Janice McAuley knows what it’s like to lose a year of her life.
One of the original members of the Hope Afloat dragon boat team in Comox, McAuley recalls what it was like to have cancer.
“Between chemo and radiation, it takes a whole year out of your life. Support is huge,” she notes.
After finishing her treatment for breast cancer, she explains she had to find a way to transition back to life. But life post-cancer wasn’t what it used to be, and she found the support — emotional, mental and physical — just wasn’t there.
“It’s gone, and you’re life has changed. You need to find something to keep your balance and support.”
Thanks to a suggestion from her chemo-mate, that’s exactly what McAuley did.
Following her treatment, she connected with the dragon boat team, and found an avenue which supports and encourages women of all ages, and now, all cancers, to encourage a heathy lifestyle through dragon boating.
“It’s now a worldwide phenomenon,” she says. “It began as a small group in 2001 – mostly as a support group – but they decided to create a team.”
The team began as a group for women who had battled breast cancer, but they quickly realized they wanted to open the doors to women of all cancers, explains McAuley.
The sport continues to grow, and currently there are half a dozen teams in the Comox Valley, she adds, but Hope Afloat is the only team dedicated to women who have had cancer.
Currently, they have about 35 members, but they hope to increase membership to around 40.
The team participates in races, anywhere from Vancouver to Port Hardy, but in past years, they have ventured to Seattle for large events.
Paddler Glenda Wilson, along with her teammates Leona Peter and Melanie Bagley, says there are various reasons for joining the team, including support, well-being, and a sense of community.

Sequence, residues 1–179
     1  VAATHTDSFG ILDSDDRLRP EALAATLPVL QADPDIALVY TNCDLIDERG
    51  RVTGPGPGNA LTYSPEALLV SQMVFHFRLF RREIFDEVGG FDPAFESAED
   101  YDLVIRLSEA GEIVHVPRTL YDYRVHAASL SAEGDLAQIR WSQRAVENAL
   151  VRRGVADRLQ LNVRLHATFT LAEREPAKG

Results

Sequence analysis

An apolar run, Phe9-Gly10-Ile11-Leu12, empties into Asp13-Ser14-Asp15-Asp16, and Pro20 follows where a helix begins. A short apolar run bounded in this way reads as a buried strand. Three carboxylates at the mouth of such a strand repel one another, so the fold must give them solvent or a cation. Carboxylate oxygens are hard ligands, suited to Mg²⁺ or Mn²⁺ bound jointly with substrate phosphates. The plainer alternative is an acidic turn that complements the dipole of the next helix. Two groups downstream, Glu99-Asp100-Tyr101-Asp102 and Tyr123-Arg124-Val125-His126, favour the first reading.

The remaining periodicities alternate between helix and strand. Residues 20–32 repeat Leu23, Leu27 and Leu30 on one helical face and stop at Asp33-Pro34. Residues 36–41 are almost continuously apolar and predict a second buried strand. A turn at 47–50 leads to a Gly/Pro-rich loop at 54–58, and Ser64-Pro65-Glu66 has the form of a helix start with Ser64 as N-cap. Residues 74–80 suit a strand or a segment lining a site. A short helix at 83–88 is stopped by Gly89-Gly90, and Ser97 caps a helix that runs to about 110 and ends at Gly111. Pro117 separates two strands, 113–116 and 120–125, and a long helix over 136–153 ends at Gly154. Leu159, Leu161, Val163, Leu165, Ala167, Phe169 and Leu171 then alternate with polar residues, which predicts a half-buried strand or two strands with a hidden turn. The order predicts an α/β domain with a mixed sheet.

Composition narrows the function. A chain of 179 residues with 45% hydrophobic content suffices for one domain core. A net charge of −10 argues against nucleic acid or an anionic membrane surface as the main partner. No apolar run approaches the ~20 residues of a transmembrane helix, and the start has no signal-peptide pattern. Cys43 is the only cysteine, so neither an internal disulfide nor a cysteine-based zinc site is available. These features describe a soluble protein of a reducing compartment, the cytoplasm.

“To have fun is very important; it’s our number one priority,” she adds.
In addition to its work in the water, the team gives back to the community in a variety of ways, including two bursaries, a tag day for the cancer care department at St. Joseph’s Hospital and a workshop dealing with the fear of cancer reoccurrence.
“Living with a Dragon workshop was excellent … it was something we did last fall, and when you have cancer, there’s not much available or much programming afterwards,” says Bagley.
“It was cutting edge – almost 100 people attended and we’re hoping to do it again this fall. “Many cancer survivors live with fear, and they don’t live a full life; many people don’t realize they end up living with the dragon.”
McAuley notes the team accepts ‘support’ members – those who may not have battled cancer themselves, but have a close connection to someone who does. She adds there is no age limit to joining the team either.
The team practises at the Comox harbour, Saturday mornings until the end of the month, and Tuesday and Thursday evening until the end of September.
For more information about the team, visit hopeafloatcanada.ca or any woman interested in joining, email email@example.com.